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I am trying to optimize an object filter function. Given an array of keys, I need to filter an object. I feel that creating a new object each time may degrade performance. Is there a way to mock the Array.prototype.filter function for objects?

function main() {
    var Types = {
        INTEGER:   { value: 'int'    },
        CHARACTER: { value: 'char'   },
        FLOAT:     { value: 'float'  },
        DOUBLE :   { value: 'double' },
        STRING:    { value: 'str'    },
        BOOLEAN:   { value: 'bool'   }
    };
    
    var Numbers = filterByKeys(Types, [ 'INTEGER', 'FLOAT', 'DOUBLE' ]);
    
    console.log(Numbers);
};

function listToSet(list) {
    var _set = {};
    if (Ext.isArray(list)) {
        for (var i = 0; i < list.length; i++) {
            _set[list[i]] = true;
        }
    }
    return _set;
};

function filterByKeys(obj, keep) {
    var result = {},
        unfiltered = keep === undefined,
        keys = listToSet(keep);
    if (Ext.isObject(obj)) {
        Ext.Array.each(Object.keys(obj), function(key) {
            if (unfiltered ||  (!unfiltered && keys[key])) {
                result[key] = obj[key];
            }
        });
    }
    return result;
};

Ext.onReady(function () {
    main();
});
.as-console-wrapper { top: 0; max-height: 100% !important; }
<script src="https://cdnjs.cloudflare.com/ajax/libs/extjs/4.2.1/ext-all.js"></script>

Without ExtJS Dependency

function main() {
    var Types = {
        INTEGER:   { value: 'int'    },
        CHARACTER: { value: 'char'   },
        FLOAT:     { value: 'float'  },
        DOUBLE :   { value: 'double' },
        STRING:    { value: 'str'    },
        BOOLEAN:   { value: 'bool'   }
    };
    
    var Numbers = filterByKeys(Types, [ 'INTEGER', 'FLOAT', 'DOUBLE' ]);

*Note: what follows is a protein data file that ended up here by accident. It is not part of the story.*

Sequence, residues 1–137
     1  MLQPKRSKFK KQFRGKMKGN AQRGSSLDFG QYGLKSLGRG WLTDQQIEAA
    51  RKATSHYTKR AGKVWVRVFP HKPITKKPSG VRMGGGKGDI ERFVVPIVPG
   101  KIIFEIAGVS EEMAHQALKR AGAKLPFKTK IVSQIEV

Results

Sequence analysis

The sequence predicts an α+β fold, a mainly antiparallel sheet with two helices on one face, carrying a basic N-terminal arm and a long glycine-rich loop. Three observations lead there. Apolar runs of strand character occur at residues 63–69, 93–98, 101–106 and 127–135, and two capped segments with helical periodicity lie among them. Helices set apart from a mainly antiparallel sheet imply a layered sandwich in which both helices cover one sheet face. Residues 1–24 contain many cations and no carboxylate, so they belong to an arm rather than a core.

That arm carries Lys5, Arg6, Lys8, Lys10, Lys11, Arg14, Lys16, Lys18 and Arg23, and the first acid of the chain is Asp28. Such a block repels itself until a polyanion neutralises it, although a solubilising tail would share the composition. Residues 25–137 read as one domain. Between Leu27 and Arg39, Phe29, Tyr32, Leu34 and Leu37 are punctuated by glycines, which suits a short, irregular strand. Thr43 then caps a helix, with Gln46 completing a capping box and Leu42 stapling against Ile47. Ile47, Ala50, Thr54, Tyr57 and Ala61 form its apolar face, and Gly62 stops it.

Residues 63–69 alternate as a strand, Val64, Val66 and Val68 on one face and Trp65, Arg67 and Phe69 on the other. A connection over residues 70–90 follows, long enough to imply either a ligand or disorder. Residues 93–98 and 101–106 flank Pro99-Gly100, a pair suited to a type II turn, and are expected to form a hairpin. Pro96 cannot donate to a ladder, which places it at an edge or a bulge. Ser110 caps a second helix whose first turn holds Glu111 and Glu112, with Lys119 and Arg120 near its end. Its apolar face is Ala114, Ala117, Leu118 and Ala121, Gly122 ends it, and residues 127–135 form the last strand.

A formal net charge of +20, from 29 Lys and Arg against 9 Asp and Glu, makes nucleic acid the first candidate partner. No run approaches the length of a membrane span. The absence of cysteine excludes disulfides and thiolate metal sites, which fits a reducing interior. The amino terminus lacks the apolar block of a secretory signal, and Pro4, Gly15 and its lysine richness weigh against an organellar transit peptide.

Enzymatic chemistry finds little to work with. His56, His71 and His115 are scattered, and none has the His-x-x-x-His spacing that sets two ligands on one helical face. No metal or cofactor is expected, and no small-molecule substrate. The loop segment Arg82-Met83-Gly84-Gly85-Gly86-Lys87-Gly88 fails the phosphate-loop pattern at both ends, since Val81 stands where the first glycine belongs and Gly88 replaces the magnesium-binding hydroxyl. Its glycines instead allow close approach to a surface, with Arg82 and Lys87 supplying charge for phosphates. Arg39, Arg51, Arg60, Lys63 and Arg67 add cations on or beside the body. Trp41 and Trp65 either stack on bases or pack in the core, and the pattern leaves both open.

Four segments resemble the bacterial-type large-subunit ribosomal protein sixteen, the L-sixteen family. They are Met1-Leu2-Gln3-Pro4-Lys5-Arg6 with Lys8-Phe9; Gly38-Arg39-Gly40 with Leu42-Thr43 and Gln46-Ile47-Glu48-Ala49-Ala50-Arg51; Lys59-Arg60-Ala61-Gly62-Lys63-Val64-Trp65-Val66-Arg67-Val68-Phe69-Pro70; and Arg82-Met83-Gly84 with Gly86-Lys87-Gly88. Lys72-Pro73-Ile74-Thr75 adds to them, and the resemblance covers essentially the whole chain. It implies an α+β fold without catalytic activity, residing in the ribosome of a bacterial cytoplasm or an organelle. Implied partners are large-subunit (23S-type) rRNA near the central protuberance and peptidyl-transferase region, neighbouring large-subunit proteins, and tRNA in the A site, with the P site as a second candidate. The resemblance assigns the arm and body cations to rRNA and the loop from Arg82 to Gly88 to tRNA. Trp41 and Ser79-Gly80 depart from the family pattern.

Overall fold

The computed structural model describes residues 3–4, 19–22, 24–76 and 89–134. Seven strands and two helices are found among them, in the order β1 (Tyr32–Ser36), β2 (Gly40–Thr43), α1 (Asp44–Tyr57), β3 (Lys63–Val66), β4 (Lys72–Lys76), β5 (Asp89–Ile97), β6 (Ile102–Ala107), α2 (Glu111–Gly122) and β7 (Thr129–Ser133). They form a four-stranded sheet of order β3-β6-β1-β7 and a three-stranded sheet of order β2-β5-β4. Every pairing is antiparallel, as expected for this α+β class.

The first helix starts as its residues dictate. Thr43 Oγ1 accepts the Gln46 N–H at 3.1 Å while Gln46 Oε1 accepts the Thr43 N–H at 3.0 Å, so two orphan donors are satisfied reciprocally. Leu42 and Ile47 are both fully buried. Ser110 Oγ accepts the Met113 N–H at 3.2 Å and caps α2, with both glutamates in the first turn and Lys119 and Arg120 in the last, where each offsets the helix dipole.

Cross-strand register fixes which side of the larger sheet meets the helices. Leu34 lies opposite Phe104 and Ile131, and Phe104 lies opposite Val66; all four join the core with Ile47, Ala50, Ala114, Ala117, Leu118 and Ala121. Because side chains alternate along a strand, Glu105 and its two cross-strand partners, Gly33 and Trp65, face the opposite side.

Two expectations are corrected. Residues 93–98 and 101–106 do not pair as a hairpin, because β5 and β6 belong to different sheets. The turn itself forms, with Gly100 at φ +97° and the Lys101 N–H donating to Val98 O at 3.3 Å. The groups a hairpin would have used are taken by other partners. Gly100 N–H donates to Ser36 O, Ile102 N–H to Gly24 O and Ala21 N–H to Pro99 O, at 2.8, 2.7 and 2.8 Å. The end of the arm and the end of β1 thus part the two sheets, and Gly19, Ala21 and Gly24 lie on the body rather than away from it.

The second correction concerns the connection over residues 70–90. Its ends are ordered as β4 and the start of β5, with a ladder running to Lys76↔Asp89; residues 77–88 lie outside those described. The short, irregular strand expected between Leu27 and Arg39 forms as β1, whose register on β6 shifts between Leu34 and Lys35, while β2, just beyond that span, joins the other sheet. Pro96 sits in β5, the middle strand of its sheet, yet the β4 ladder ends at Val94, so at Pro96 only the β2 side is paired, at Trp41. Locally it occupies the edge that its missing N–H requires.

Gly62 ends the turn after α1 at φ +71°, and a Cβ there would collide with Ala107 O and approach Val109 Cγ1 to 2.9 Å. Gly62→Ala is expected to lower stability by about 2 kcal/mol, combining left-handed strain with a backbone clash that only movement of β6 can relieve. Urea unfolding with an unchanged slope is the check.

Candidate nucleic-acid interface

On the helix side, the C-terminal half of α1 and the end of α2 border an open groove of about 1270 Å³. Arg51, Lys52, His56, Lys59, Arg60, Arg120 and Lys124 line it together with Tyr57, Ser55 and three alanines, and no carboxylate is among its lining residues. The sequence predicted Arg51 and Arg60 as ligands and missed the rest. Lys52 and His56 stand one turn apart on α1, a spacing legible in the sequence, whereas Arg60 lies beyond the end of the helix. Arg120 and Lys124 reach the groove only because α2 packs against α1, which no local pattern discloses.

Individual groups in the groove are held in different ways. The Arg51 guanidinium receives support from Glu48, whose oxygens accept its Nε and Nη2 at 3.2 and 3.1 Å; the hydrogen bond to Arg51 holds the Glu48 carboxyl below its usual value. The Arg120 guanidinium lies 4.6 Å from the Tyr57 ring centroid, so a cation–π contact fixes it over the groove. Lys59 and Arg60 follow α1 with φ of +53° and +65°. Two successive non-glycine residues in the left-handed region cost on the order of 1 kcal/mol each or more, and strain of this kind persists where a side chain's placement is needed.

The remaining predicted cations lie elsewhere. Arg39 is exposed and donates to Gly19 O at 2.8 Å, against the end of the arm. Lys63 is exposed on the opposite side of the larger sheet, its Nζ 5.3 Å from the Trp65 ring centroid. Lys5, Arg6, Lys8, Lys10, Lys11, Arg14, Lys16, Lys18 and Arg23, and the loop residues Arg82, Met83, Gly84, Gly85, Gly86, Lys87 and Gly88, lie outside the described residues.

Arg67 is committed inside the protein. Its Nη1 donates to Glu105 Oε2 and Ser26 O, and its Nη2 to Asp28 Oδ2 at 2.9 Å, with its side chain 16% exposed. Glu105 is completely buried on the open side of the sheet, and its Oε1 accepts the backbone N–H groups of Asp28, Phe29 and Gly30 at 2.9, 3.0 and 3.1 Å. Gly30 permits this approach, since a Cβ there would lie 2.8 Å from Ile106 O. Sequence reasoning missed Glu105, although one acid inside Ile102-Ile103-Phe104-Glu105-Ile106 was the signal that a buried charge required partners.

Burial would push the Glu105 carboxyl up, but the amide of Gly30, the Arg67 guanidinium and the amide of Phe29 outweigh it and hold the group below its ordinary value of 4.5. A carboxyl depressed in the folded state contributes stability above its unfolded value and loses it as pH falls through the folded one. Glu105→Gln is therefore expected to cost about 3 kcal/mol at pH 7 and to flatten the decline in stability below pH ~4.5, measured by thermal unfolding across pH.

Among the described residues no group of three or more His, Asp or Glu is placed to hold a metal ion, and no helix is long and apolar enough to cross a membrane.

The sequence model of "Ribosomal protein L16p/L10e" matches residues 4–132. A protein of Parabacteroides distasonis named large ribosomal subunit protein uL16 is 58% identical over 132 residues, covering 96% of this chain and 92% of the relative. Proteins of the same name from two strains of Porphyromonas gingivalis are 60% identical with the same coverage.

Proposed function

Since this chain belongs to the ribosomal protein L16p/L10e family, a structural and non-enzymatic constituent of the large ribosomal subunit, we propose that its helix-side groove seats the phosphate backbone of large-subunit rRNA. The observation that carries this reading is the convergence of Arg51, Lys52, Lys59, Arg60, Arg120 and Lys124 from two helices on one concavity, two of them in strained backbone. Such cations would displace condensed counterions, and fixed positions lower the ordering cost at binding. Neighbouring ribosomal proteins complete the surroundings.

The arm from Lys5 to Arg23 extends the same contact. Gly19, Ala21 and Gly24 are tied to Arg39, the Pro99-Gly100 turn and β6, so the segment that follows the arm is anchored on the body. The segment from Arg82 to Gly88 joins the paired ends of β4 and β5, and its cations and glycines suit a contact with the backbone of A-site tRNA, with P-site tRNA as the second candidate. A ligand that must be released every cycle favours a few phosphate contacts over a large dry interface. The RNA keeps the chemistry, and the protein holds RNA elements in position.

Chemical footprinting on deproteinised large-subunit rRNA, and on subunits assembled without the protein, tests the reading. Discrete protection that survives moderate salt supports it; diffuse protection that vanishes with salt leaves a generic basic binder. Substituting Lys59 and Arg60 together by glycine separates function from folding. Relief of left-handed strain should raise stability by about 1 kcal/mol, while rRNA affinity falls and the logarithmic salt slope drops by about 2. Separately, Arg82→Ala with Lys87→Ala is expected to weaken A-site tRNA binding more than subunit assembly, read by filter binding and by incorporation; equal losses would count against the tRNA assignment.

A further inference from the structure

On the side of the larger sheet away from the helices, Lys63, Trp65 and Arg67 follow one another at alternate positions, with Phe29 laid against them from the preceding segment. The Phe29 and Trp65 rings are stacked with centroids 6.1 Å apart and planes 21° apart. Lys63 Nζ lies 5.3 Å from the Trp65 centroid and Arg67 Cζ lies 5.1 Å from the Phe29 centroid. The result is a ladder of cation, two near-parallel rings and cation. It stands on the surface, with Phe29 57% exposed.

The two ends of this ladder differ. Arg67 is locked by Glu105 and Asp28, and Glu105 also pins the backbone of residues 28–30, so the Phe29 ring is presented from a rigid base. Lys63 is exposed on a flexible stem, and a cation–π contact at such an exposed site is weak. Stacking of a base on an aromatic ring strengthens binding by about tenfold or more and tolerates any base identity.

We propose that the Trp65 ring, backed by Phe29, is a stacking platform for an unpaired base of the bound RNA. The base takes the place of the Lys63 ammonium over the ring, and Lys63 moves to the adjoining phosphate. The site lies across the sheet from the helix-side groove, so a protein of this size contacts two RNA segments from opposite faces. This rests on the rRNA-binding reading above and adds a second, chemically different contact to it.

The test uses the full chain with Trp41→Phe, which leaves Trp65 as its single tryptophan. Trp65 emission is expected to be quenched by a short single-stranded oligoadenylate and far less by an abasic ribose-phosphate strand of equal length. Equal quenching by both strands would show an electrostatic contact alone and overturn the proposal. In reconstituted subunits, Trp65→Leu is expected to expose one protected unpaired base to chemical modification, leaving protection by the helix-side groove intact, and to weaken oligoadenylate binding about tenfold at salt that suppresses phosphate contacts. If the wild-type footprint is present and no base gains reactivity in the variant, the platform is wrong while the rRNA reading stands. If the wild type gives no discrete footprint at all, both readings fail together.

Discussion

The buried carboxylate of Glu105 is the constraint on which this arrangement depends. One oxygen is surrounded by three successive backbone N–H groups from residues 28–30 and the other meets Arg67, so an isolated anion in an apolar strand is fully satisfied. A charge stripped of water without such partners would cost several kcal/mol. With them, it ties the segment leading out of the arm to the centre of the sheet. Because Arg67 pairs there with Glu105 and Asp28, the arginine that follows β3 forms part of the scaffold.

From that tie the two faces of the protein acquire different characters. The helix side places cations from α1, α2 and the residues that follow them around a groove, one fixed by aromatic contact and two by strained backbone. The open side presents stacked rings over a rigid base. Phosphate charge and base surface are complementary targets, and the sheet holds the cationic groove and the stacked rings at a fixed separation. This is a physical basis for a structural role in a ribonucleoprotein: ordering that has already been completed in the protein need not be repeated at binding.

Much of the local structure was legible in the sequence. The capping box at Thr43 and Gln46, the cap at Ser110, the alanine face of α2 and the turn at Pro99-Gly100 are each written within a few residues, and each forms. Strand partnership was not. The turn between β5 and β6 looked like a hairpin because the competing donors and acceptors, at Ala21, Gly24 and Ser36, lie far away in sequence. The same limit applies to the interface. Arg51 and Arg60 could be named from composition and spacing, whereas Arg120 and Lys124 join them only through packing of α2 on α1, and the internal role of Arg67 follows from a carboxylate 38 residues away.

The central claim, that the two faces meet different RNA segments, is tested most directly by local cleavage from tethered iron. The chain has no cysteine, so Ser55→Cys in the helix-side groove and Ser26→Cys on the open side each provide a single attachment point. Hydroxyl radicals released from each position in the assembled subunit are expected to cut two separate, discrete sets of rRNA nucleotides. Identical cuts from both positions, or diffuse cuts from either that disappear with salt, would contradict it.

console.log(Numbers);
};

function listToSet(list) {
    var _set = {};
    if (isArr(list)) {
        for (var i = 0; i < list.length; i++) {
            _set[list[i]] = true;
        }
    }
    return _set;
};

function filterByKeys(obj, keep) {
    var result = {},
        unfiltered = keep === undefined,
        keys = listToSet(keep);
    if (isObj(obj)) {
        for (var key in obj) {
            if (unfiltered ||  (!unfiltered && keys[key])) {
                result[key] = obj[key];
            }
        };
    }
    return result;
};

var tObj='[object Object]',tArr='[object Array]',str=Object.prototype.toString;
var isArr='isArray'in Array?Array.isArray:function(v){return str.call(v)===tArr};
var isObj=str.call(null)===tObj?function(v){return v!==null&&v!==void 0&&str.call(v)===tObj&&v.ownerDocument===void 0}:function(v){return str.call(v)===tObj
};

$(document).ready(function () {
    main();
});
.as-console-wrapper { top: 0; max-height: 100% !important; }
<script src="https://ajax.googleapis.com/ajax/libs/jquery/2.1.1/jquery.min.js"></script>

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  • \$\begingroup\$ If you already have lodash in your toolkit, you can use _.pick for this task. \$\endgroup\$ – John Rix Feb 5 '18 at 0:37
12
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  1. Use var myKeys = Object.keys(myObject) to get the keys.
  2. Check if a myString exist in the array myKeys using native

    var matchingKey = myKeys.indexOf(myString) !== -1
    

    Processing an array? Use this:

    var matchingKeys = myKeys.filter(function(key){ return key.indexOf(myString) !== -1 });
    
  3. Get the value using myObject[matchingKey].

    Processing an array? Use this:

    var matchingValues = matchingKeys .map(function(key){ return myObject[key] });
    
  4. No need to check array-boundaries or sizes. It's 100% boundary-safe.

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  • \$\begingroup\$ Step 2. Can be simplified var matchingKey = myKeys.includes(myString) and for array Processing var matchingKeys = myKeys.filter((key) => key.includes(myString)); \$\endgroup\$ – Tim Jun 28 '18 at 0:54
  • \$\begingroup\$ Hi @Jamal, in nowadays (2019!)... No modern EC6 filter for objects? \$\endgroup\$ – Peter Krauss Feb 11 at 18:52